METHODS: The gastroduodenal cytoprotective potential was evaluated in rodent experimental models (HCl/Ethanol and NSAID-induced ulcer protocols). The anti-H. pylori property was assessed by agar dilution assay in vitro and analysis in vivo including rapid urease test, immunogold test and histopathology. For toxicity assessment, acute toxicity study was performed according to fixed dose procedure with a single oral administration of HZJW to mice. In the oral chronic toxicity, rats (80 males, 80 females) were administrated HZJW orally in 0, 1000, 2500, or 5000 mg/kg/day doses for 26 weeks (n = 40/group of each sex). Clinical signs, mortality, body weights, feed consumption, ophthalmology, hematology, serum biochemistry, gross findings, organ weights and histopathology were examined at the end of the 13- and 26-week dosing period, as well as after the 4-week recovery period.
RESULTS: In the HCl/Ethanol-induced ulcer model, it was observed that oral administration with HZJW (260, 520 and 1040 mg/kg) and ranitidine (250 mg/kg) significantly reduced the ulcerative lesion index (116.70 ± 36.4, 102.20 ± 18.20, 84.10 ± 12.1 and 73.70 ± 16.70) in a dose-dependent manner, respectively, with respect to control group (134.10 ± 31.69). Significant inhibition was also observed in ulcerative index from aspirin-induced ulcer model, with decreases of 35.40 ± 5.93, 31.30 ± 8.08, 26.80 ± 8.27and 20.40 ± 6.93 for the groups treated with HZJW and ranitidine, in parallel to controls (41.60 ± 10.80). On the other hand, treatment with HZJW efficaciously eradicated H. pylori in infected mice in rapid urease test (RUT) and immunogold antibody assay, as further confirmed by reduction of H. pylori presence in histopathological analysis. In the in vitro assay, MICs for HZJW and amoxicillin (positive control) were 125 and 0.12 μg/mL respectively. The LD50 of HZJW was over 18.0 g/kg for mice. No drug-induced abnormalities were found as clinical signs, body weight, food consumption, hematology, blood biochemistry, ophthalmology and histopathology results across three doses. No target organ was identified. The No Observed Adverse Effect Level (NOAEL) of HZJW was determined to be 5,000 mg/kg/day for both sexes, a dose that was equivalent to 50 times of human dose.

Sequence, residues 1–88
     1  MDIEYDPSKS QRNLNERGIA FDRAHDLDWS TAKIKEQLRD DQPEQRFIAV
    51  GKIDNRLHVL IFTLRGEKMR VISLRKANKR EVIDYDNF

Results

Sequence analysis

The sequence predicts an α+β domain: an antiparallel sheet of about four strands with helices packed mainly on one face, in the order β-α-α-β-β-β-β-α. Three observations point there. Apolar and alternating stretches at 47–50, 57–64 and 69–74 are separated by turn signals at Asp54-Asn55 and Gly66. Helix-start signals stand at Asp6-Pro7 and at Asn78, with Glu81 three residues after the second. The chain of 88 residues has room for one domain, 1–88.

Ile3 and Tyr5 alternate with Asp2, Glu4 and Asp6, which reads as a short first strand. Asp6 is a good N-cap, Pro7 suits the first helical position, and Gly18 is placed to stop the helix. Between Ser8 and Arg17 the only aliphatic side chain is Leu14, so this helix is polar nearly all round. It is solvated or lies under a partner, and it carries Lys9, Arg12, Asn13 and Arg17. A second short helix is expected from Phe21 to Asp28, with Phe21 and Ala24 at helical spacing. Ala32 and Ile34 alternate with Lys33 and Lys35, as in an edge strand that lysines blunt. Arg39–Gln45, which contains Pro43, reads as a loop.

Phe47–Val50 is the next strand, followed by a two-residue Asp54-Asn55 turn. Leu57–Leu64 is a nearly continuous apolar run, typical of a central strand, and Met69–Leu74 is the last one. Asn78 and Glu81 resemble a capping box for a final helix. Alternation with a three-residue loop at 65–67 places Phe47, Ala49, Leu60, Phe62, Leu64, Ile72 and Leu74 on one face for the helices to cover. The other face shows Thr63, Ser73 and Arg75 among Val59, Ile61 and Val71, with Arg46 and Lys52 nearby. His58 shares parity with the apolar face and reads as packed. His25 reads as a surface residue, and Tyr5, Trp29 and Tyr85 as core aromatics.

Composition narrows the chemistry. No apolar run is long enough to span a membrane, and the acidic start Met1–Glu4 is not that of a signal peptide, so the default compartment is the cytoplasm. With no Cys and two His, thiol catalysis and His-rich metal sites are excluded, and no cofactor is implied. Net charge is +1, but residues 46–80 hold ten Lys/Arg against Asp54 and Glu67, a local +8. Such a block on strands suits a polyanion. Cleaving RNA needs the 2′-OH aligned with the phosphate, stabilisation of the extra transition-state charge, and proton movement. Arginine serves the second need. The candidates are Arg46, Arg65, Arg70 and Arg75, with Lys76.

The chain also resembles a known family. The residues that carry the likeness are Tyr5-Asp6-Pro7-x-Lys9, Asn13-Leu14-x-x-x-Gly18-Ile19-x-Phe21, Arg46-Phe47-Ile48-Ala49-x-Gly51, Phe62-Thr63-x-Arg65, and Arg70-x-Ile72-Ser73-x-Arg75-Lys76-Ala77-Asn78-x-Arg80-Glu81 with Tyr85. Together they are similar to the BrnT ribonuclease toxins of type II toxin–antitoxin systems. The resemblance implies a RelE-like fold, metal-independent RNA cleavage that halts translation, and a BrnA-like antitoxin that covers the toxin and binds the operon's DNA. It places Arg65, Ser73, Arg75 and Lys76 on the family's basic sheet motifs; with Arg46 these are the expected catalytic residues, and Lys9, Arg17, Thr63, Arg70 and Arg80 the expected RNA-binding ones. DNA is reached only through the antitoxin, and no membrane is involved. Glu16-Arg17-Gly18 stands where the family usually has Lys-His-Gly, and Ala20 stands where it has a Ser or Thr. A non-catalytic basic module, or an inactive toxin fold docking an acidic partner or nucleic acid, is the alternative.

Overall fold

CONCLUSIONS: These results suggested the efficacy and safety of HZJW in healing peptic ulcer and combating H. pylori, which corroborated their conventional indications and contributed to their antiulcer pharmacological validation, lending more credence to its clinical application for the traditional treatment of stomach complaints symptomatic of peptic ulcer disease (PUD). HZJW might have the potential for further development as a safe and effective alternative/complementary to conventional medication in treating gastrointestinal (GI) disorders.